Monday, November 17, 2008



By PETER LAURIA, New York Post

Ripples from the economic crisis have spread to television in the form of curtailed spending on new projects.

Already tight-fisted from the migration of viewers and advertising dollars to other mediums, broadcast networks are now cutting development costs in the face of perhaps the most challenging economic environment the TV industry has ever experienced.

That's resulted in fewer pilots being bought and network executives taking fewer risks at a time when television can't afford to remain stagnant.

"It's the toughest development season I've ever seen," said ICM President Chris Silbermann, referring to the June-to-November period during which networks typically buy scripts for the coming year. "Networks are being really cautious and money is really tight, so it's very difficult to get something done."

Added a producer who asked not to be named at the risk of losing the development deals he has pending at a few networks, "There's definitely a heightened scrutiny as to development at the networks that is a direct result of the economy."

The slowdown in deal flow stands in stark contrast to as recently as nine months ago, when the writers' strike ended and networks were greenlighting everything they could find to fill gaping scheduling holes due to the work stoppage.

Despite the current grim mood, though, Silbermann said his shop has sold roughly 100 pilot scripts to broadcast and cable TV networks this year.

While network executives concede that deal volume is down, they say it is more a function of adjusting to new business models than anything else.

"We're sharpening our strategy to fit a new marketplace," said Fox Entertainment President Kevin Reilly. (Fox, like The Post, is owned by News Corp.)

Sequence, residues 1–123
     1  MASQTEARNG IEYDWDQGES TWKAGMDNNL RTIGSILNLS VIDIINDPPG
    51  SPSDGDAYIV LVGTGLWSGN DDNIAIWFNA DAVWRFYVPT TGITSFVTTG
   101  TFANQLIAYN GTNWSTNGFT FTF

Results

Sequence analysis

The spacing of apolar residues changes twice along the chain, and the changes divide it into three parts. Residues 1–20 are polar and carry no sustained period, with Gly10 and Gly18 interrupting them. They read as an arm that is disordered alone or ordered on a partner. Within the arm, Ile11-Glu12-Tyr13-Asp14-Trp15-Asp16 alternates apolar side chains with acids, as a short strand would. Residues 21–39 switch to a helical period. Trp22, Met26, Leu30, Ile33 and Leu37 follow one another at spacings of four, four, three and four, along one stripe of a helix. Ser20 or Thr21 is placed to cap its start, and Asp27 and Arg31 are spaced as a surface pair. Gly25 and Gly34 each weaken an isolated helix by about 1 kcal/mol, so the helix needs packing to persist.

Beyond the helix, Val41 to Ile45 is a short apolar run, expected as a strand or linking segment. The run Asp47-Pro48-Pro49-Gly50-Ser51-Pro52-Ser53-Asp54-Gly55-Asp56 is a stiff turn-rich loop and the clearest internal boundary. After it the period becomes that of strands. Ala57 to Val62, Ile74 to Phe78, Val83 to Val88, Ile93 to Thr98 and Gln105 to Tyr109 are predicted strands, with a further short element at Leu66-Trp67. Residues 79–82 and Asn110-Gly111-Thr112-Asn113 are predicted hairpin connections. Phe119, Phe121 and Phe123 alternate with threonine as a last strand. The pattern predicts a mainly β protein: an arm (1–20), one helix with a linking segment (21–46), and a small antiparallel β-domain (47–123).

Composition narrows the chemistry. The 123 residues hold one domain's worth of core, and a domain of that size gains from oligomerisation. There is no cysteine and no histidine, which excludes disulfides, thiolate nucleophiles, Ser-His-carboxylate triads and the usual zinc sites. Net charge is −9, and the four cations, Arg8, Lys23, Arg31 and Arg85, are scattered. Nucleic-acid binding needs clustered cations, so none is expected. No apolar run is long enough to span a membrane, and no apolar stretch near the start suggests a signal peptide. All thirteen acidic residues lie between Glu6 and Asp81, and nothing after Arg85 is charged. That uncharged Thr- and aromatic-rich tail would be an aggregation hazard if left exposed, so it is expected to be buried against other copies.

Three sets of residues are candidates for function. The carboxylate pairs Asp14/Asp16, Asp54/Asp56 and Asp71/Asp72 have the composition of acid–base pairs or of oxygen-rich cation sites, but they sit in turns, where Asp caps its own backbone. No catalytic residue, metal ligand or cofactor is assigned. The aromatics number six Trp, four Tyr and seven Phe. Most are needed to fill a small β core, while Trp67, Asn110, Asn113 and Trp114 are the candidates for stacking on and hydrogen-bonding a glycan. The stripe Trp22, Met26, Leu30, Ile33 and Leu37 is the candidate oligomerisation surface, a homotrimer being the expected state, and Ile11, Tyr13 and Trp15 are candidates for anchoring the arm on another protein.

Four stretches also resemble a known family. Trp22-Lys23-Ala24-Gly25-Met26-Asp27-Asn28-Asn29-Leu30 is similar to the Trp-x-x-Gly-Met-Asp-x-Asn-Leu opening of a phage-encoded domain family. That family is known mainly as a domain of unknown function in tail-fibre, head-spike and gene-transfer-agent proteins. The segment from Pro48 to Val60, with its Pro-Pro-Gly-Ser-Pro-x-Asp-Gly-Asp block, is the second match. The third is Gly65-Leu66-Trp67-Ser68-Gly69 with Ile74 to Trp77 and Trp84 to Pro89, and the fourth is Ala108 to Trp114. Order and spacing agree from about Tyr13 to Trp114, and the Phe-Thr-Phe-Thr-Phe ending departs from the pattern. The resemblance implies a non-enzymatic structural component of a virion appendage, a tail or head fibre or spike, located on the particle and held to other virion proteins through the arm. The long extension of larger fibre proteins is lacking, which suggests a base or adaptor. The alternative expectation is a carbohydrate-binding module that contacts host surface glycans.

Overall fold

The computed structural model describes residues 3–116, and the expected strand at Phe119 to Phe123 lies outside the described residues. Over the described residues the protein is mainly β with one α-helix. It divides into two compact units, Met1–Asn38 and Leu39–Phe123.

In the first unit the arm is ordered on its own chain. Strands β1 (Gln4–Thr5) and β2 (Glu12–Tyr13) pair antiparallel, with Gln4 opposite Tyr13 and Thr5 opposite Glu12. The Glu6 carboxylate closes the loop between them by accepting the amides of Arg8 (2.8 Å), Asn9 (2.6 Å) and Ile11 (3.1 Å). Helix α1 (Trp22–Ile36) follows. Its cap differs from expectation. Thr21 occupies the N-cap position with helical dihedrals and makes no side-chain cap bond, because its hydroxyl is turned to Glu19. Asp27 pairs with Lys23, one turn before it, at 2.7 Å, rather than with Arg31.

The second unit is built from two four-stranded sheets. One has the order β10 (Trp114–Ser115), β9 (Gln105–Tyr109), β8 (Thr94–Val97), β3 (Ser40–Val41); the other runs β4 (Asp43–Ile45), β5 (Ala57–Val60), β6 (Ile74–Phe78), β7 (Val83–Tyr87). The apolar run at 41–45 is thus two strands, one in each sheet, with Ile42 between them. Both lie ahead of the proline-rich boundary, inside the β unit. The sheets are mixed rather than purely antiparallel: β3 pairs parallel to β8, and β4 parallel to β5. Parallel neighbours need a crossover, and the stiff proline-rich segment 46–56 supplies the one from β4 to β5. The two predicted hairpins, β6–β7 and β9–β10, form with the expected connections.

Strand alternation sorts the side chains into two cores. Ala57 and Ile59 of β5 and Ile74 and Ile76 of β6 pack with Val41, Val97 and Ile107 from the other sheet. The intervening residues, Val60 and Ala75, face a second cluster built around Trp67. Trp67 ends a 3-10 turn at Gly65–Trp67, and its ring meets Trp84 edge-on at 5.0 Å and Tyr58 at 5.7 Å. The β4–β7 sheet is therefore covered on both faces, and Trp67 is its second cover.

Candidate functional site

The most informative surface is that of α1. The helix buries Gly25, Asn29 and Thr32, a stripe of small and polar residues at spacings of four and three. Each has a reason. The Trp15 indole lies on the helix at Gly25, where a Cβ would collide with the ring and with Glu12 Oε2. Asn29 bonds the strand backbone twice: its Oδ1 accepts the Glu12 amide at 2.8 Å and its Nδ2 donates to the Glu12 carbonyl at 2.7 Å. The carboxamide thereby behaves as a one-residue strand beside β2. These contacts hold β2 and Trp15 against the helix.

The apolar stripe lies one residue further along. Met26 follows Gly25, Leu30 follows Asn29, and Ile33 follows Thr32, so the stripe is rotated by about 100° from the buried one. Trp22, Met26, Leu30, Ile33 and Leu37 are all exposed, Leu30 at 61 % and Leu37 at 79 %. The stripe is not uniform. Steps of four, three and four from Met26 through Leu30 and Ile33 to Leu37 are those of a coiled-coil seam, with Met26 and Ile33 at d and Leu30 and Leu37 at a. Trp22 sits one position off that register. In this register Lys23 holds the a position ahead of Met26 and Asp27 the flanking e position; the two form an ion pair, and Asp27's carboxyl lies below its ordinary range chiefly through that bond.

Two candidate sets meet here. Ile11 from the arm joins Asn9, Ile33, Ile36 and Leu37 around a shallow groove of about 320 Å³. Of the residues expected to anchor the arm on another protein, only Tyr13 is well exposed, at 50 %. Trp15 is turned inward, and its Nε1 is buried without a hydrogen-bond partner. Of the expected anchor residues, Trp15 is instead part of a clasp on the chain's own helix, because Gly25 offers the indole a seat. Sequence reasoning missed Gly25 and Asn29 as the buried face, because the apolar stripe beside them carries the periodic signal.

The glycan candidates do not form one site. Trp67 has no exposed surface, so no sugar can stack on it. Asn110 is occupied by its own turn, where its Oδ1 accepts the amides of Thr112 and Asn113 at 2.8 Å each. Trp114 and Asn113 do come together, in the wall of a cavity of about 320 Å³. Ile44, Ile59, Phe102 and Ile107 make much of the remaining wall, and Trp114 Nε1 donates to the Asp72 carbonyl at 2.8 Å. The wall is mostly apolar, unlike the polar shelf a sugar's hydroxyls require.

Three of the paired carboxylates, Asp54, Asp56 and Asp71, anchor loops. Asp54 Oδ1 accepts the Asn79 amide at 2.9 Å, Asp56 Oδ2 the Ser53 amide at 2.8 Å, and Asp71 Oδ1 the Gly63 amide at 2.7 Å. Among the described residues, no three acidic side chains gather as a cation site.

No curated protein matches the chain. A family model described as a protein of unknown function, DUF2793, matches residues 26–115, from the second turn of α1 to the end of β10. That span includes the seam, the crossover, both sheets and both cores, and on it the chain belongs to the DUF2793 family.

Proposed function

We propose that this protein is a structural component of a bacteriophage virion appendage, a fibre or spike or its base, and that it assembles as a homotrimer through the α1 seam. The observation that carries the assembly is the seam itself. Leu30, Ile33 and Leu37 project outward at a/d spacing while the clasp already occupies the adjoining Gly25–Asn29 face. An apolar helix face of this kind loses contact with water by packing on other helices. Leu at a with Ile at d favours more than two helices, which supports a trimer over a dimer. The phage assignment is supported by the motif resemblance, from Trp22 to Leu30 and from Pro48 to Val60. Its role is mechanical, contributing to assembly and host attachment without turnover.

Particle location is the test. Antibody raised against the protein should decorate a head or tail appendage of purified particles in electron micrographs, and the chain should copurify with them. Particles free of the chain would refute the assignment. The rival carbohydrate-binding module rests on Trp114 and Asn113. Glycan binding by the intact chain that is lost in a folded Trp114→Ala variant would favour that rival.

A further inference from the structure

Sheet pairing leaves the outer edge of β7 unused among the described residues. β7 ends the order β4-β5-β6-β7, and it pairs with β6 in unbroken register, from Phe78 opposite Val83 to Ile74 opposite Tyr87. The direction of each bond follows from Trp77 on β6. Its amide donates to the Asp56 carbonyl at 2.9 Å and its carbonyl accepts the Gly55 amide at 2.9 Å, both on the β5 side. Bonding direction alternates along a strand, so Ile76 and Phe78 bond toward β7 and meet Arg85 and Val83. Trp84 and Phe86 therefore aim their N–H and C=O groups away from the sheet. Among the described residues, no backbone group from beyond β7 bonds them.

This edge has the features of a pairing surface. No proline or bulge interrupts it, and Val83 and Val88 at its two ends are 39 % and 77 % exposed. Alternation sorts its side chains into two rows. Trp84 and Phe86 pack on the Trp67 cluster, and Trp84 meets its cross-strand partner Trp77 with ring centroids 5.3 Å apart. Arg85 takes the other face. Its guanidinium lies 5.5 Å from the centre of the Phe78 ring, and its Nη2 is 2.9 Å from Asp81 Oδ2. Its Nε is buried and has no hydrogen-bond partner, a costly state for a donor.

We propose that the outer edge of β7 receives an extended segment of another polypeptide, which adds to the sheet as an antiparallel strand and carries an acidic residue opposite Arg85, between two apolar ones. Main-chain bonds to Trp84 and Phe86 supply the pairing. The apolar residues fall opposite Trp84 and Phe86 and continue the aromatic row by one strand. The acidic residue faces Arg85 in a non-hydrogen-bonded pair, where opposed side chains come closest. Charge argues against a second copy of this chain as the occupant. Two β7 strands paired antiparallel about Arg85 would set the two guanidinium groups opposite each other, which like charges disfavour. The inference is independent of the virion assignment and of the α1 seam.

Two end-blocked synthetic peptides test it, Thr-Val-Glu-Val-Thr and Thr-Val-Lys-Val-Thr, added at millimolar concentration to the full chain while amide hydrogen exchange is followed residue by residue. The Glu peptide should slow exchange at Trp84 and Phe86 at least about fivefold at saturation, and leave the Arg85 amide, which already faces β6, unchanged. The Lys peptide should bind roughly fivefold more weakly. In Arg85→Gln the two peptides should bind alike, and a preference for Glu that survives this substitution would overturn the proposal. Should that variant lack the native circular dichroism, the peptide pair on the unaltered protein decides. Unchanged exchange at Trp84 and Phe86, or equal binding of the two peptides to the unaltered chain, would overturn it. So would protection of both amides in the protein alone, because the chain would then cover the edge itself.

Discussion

Reilly said moving Fox to a year-round programming schedule has allowed the network to spread out costs and focus development on fewer shows that have a better chance of succeeding.

By contrast, CBS boss Les Moonves said the overall development process at his network hasn't changed much, it's just that they are being smarter about where they are placing bets.

"We're not going to do dumb deals, and we're not going to get into bidding wars," Moonves said.

CBS typically buys 20 pilots per year, but might buy fewer this year because there aren't many slots to fill its schedule.

While cutting back on development saves money, the problem is that it also makes it harder to make money.

It's more economical, for instance, for a network to renew a show that might otherwise be canceled than spend money on a new one. But that strategy misses the potential for a new show to become a hit in favor of playing it safe with a middling old one.

"If you want the premium ad dollars, you've got to spend money and take risks," said a second producer who also asked to remain anonymous so as to not jeopardize some projects he has in network development.

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